All about leadership…

Talking about unit testing and VS2008 professional – I ended up making a quote this week, it’s:

“Although Java people will roll their eyes at this, .NET people don’t take something serious until Microsoft does!”

I understand that this has several implications (good and bad) – but let me just cut to the interesting part. Why is the above, de facto? It’s about leadership. Microsoft, as an organization, is a healthy, competent “leader” that people WANT to follow. But what is a leader, exactly? That’s a word that is thrown around a lot throughout one’s career, but what does it really mean?

To me, leadership is 80% providing structure/guidance and 20% "other stuff".

I don’t mean this in an insulting way at all, but MOST people prefer someone to lead or provide direction. I know a lot of alpha personalities that would disagree, but that is different issue. The point is, being a leader is exhausting and only some are wired to be leaders – and even fewer have the REST of the abilities to be a GOOD leader!

I know more than a few alpha personalities that are very loud, dominant and are able to influence – but are horrible leaders. That’s many times because they don’t offer structure. Structure is much more important than we give it credit for. Think about it, what has lead you in this life? Things or people that have provided you structure:

  • Your parents told gave you a curfew and told you what time to sleep and eat.
  • Your college told you when your classes are and when assignments are due.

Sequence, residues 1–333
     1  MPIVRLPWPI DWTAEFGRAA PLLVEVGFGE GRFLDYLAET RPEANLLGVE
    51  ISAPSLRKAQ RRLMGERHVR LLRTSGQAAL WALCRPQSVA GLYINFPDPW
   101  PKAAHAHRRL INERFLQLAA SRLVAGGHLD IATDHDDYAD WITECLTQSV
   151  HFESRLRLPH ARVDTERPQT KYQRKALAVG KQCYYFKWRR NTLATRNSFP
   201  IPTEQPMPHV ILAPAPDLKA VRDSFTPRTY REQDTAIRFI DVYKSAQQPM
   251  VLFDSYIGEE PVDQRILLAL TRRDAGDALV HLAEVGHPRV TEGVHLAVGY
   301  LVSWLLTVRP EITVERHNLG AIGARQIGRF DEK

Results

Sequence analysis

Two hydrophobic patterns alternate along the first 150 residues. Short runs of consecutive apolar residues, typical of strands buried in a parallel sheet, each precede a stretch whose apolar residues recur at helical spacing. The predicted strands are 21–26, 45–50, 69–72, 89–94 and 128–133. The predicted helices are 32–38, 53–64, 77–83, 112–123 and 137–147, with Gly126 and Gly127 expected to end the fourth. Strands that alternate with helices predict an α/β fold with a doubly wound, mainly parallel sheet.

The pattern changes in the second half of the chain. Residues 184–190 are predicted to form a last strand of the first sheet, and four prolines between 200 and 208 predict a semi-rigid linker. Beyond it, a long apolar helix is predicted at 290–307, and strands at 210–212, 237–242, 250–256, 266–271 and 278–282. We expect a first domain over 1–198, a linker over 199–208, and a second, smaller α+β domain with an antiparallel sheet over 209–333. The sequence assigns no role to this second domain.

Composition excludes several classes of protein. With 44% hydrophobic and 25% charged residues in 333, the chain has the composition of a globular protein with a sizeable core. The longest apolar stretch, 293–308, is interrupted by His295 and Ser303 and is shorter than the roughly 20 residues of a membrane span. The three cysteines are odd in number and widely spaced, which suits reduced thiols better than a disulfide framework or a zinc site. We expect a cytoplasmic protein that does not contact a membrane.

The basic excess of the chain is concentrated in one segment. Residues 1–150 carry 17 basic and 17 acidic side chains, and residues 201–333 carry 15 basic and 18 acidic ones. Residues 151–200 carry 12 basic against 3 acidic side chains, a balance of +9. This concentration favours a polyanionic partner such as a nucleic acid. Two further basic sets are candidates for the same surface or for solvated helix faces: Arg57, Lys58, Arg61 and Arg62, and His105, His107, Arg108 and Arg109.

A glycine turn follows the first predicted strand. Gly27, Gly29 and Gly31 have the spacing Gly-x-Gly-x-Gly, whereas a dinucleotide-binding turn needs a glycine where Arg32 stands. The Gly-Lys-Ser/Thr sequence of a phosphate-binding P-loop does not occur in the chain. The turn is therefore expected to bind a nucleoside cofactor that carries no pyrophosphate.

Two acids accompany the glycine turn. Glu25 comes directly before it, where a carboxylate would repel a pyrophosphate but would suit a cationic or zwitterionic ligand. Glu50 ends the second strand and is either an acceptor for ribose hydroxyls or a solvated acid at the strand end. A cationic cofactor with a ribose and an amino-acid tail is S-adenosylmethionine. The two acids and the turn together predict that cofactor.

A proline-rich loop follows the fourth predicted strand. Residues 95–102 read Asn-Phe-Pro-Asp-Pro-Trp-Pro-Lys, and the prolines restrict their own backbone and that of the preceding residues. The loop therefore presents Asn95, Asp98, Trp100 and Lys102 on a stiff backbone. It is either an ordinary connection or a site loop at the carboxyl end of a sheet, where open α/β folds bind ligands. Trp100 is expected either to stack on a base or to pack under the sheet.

• Your office tells you what hours they want you to work.
  • Civil engineers provided paved roads and specific areas within the roads (called lanes), where they want you to drive.
  • Your project manager works with you to create a schedule for your project.

Stop. Picture your same life, without this structure. Would we all drive to work on dirt paths that wound throughout the state? And would we all work different hours? How efficient could we be?

It’s even bigger than that – whenever something is going/has gone wrong, you can attribute that almost always to poor leadership (via lack of structure/lack of communication – communication is a big part of structure). Think back to the last thing that blew up at work – and think, “what if there was more structure?”.

How this applies to me personally or professionally – is that if someone is going to lead me, I demand that they are competent and that they provide structure, and I can be the best team player! But if not, I typically feel very compelled to offer structure, and most times it’s welcomed.

So getting back to Microsoft – I think it’s interesting, that a software company can assert so much positive influence with so little resistance or fuss from it’s Customers! I think because Microsoft has evolved into a competent company that delivers on promises, and does it with quality – that inspires people to follow. They offer structure and inspire, which is amazing for a headless “company” to do!

Compare that to just about any other company (software or not). Does Barnes & Noble inspire you? What about Wal*mart?!

Posted in Professional Development, Uncategorized

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